It is a very interesting time to be an observer of the political process in America.
As someone who has participated in, observed and reported on the Wall Street landscape since 1978, you would think that little that happens on Wall Street would surprise me anymore. But I must say that over the past three years, since mid-2007, the velocity of dramatic events surprises even this observer-participant.
Undoubtedly, the fact that I was working my way through NYU during my years on Wall Street informs my thinking and opinions, as has participation in many discussions and meetings as a founder of The Committee for the Fiduciary Standard, a group that advocates for the fiduciary standard for providers of advice to investors. Unlike many who report on what is happening with Wall Street, the economy and investing, I was a broker, then bond trader/underwriter and later, an investment advisor, so that gives me an unusual perspective.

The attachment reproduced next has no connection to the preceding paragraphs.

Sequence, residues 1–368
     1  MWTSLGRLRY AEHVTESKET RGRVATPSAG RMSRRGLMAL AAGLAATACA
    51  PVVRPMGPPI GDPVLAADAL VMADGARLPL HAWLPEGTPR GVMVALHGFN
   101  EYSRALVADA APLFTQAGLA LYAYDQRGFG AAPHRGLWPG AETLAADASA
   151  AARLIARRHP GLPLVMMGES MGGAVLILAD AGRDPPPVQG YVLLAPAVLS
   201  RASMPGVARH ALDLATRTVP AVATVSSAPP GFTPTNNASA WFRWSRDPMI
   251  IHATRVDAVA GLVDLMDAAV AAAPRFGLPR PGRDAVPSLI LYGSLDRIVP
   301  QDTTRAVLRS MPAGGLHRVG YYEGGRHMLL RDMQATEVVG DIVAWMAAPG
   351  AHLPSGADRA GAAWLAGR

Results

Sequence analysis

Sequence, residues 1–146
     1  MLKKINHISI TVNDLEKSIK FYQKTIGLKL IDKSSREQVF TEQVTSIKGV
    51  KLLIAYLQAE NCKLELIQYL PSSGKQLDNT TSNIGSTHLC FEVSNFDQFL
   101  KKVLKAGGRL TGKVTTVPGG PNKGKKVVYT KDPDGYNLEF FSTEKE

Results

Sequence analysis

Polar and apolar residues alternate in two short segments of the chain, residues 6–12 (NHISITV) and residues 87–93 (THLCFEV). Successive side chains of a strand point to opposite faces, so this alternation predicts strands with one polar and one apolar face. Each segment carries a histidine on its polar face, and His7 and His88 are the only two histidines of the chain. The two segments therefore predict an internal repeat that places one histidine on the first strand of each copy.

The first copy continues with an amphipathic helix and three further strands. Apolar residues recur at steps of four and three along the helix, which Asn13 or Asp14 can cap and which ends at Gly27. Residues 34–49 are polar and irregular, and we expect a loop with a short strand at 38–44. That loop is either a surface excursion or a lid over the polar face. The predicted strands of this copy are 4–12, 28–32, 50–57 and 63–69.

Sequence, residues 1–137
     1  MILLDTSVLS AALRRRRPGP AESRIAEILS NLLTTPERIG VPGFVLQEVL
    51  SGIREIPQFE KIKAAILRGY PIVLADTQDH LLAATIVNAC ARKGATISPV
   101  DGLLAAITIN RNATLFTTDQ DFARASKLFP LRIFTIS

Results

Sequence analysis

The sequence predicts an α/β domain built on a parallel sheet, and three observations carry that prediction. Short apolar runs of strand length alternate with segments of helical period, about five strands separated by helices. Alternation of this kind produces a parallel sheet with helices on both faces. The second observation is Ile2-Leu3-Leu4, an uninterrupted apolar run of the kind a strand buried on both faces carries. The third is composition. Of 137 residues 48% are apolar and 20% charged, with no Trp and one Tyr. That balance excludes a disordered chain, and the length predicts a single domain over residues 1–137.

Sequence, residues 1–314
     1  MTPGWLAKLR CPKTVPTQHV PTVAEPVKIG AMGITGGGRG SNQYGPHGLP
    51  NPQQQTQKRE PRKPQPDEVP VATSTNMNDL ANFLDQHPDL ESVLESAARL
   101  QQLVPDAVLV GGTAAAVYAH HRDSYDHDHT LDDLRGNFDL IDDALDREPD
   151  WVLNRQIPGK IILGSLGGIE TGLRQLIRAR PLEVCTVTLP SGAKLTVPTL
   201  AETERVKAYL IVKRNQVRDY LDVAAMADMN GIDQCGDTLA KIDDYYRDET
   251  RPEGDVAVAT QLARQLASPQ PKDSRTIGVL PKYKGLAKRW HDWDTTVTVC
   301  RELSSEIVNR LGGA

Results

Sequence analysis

From this perch, a few observations:
? The economic crisis is far from over–and if there are not more measures to help the private sector create–and retain jobs, it seems that we as a nation will not be able to sustain growth for a much longer time than most people believe or at least seem willing to say. Globally, problems in Europe don’t appear likely to dissipate anytime soon.
? The severity of the crisis in America and globally is man-made, or at least made much worse by the actions of a few men (mostly) rather than a markets correcting themselves. Sorry, University of Chicago free-markets economists, I don’t think markets can correct themselves when they have been so severely disrupted by greed and leverage and the lack of regulatory oversight that basically manipulated market forces. There needs to be intelligent regulation and oversight, transparency and actual truth-telling by participants for markets to work effectively.
? When a banks can leverage deposits in such a way as to provide much-magnified capital in order to fund the kinds of operations that, before the end of Glass-Steagall, would have been restricted to non-bank broker/dealers and hedge funds, a mere modicum of common sense would indicate that the leverage applied to these operations would distort results–both upside and downside–as we have seen this past several years, to the detriment of most investors–and all taxpayers. Hello moral hazard–something else that doesn’t appear to be going away, unfortunately.
Goldman Sachs still in the eye of a storm